Hello, readers. New York regulators determine that the National Rifle Association’s self-defense shooting insurance violates state law. Loyal subscribers may recall that The Trace was the first news outlet to take a hard look at Carry Guard after the gun group began to aggressively promote the service at last year’s NRA annual meeting. Government investigators aren’t the only ones to find fault with the program: As we reported in August, some of the NRA’s own certified trainers have criticized the messages that Carry Guard conveys.
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The NRA’s self-defense insurance program is outlawed in New York, and its brokerage firm agrees to a multi-million dollar fine. Carry Guard is an “egregious violation” of state law, the New York State Department of Financial Services announced on Wednesday. The program provides insurance for NRA members that covers potential liability and other costs stemming from self-defense shootings. Lockton Affinity, the company that administers the product, will pay a $7 million fine. The state’s investigation into whether the NRA was receiving commissions without proper licensing began in October. After the massacre in Parkland, Florida, Lockton Affinity, which helped to arrange Carry Guard, was one of at least 24 companies that said it would cut ties with the NRA.
Arizona state senators approved a Republican-sponsored public-safety bill after chipping away at its “red flag” provision. The bill, which passed in the state Senate on Tuesday, allows police officers to petition for the removal of guns from potentially dangerous people. But it was amended to remove language that would have allowed others, like family members and school staff, to do the same. State Democrats accused Republicans of weakening the bill to make it more “palatable to the NRA.” Although the gun group has publicly supported red flag laws, they have quietly fought against legislation pending in state capitols.
The city of Boulder, Colorado, is moving forward with an assault weapons ban. The measure, which will go to a vote in the coming weeks, would also ban bump stocks and magazines that hold more than 10 rounds.
A Texas teen was arrested for an ISIS-inspired mass shooting plot. The 17-year-old allegedly planned to commit a massacre at a mall outside Dallas. Police say he gave an accomplice $1,400 to buy weapons.
The father of a Parkland shooting victim is suing the school resource officer who stayed outside during the attack. Broward Sherriff’s Office Deputy Scot Peterson did not enter the building as 17 people, including 18-year-old Meadow Pollack, were killed. Pollack’s father has filed a wrongful death lawsuit against Peterson.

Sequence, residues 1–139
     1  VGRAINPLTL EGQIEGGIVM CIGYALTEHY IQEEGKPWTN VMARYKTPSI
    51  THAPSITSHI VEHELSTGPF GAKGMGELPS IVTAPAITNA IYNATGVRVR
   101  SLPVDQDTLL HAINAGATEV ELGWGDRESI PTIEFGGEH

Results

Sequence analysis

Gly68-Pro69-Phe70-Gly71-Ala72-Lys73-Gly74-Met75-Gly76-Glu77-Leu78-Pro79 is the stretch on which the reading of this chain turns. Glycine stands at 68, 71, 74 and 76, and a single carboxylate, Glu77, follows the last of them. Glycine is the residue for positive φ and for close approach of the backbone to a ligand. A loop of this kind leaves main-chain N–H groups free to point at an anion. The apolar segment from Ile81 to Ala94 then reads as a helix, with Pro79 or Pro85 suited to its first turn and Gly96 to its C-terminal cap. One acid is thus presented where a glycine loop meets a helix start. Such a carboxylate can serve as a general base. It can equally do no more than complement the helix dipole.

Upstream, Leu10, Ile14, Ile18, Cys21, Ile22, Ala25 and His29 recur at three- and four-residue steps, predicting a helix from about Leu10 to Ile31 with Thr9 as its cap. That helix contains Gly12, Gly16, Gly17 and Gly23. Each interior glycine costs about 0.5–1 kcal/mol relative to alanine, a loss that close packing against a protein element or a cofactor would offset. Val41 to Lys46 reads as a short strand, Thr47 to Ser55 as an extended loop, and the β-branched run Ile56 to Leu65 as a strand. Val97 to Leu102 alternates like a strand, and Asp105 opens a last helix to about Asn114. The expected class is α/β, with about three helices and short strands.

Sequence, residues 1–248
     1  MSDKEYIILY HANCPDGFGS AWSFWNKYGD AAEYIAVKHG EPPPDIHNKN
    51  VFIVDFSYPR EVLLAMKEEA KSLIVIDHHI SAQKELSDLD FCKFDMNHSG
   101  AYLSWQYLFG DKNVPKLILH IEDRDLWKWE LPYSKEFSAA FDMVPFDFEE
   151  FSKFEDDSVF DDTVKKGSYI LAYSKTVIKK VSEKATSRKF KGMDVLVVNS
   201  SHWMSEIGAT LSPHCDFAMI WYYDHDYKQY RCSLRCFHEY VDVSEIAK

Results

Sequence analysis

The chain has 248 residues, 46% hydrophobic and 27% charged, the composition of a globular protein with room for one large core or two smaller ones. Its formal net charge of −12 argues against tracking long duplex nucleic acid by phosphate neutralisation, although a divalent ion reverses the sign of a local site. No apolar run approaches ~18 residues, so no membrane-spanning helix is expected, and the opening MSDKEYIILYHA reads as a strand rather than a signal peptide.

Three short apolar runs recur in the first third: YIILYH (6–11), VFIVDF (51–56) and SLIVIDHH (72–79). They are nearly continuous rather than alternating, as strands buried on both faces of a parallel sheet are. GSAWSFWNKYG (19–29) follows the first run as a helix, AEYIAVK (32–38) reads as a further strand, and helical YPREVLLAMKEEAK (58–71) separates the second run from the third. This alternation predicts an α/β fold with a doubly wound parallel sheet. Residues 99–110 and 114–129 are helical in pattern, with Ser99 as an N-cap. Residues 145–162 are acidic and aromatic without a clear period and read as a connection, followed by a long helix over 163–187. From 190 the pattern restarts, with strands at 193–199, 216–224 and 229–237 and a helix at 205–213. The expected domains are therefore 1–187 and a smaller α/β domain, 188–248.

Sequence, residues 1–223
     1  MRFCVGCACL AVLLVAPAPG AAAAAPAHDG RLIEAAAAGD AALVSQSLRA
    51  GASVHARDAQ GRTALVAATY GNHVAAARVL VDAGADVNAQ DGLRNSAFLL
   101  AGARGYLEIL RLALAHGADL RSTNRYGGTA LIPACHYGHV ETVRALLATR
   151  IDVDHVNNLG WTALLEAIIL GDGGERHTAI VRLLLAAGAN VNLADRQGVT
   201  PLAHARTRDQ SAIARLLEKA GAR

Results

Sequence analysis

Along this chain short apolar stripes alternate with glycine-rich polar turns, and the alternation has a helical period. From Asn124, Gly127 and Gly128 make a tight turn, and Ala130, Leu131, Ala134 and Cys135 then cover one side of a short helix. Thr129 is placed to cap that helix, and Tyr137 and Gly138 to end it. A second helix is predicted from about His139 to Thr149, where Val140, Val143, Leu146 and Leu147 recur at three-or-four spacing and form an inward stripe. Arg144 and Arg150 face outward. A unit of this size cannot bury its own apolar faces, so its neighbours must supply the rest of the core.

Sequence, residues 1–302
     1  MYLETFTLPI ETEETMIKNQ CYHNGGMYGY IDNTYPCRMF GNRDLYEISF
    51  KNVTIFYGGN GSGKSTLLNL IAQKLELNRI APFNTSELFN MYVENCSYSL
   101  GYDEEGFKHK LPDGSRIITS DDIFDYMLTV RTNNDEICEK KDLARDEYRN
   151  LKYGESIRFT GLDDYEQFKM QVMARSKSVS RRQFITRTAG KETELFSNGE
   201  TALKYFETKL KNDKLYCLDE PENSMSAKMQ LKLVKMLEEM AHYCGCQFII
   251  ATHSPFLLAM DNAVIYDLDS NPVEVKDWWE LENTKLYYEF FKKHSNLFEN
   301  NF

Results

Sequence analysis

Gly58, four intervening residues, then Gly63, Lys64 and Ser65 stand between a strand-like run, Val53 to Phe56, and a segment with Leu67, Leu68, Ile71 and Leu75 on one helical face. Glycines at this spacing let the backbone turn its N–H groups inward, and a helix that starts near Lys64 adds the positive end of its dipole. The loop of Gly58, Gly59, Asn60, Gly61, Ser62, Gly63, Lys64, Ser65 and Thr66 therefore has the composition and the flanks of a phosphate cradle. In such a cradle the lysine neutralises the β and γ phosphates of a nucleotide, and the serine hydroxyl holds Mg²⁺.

After another Parkland victim’s father expressed outrage, a Florida newspaper will stop accepting gun ads. Fred Guttenberg, whose 14-year-old daughter Jaime was killed in the Parkland shooting, called out the Sun Sentinel for running an ad for a gun show below several stories about gun violence survivors. The paper released a statement apologizing for the ad placement and announcing a “moratorium on gun advertising.”
Nevada police are releasing footage from the Las Vegas shooter’s hotel suite. On Wednesday, the Las Vegas Police Department said it would release body camera footage from officers who entered the gunman’s suite during the October 2017 massacre. On Friday, the Nevada Supreme Court ruled that the department was required to make the videos public.
A new group is connecting Parkland shooting survivors with therapists. A behavioral pediatrician launched Parkland Cares to connect people affected by the incident with the mental health resources they need at little to no cost. She says she expects that the organization will continue to address trauma related to the Parkland shooting for decades.
To help reduce teen suicides, a Montana doctor hands out trigger locks to parents with guns. Fifty percent of Montana’s youth suicides between 2005 and 2014 were carried out using a gun. Dr. Pepper Henyon said that emphasizing preventive measures like safe gun storage was part of her duty as a pediatrician. “If the guns are around, we need to make sure it’s a safe environment, both for the little children who may get themselves in trouble and the adolescents who may be struggling,” she said.
More than 1,000 kids and teenagers have been shot in the United States so far this year. According to Gun Violence Archive, that’s about 8 percent of all gun-related injuries and deaths in the first four months of 2018. Among them: a 2-year-old unintentionally shot himself on Tuesday. Police say that the toddler got hold of the gun at his parent’s Jacksonville, Florida, home, where the shooting took place. And a 12-year-old was killed in James City County, Virginia. His 35-year-old mother was reportedly experiencing a mental health episode when she shot her son and herself on Wednesday.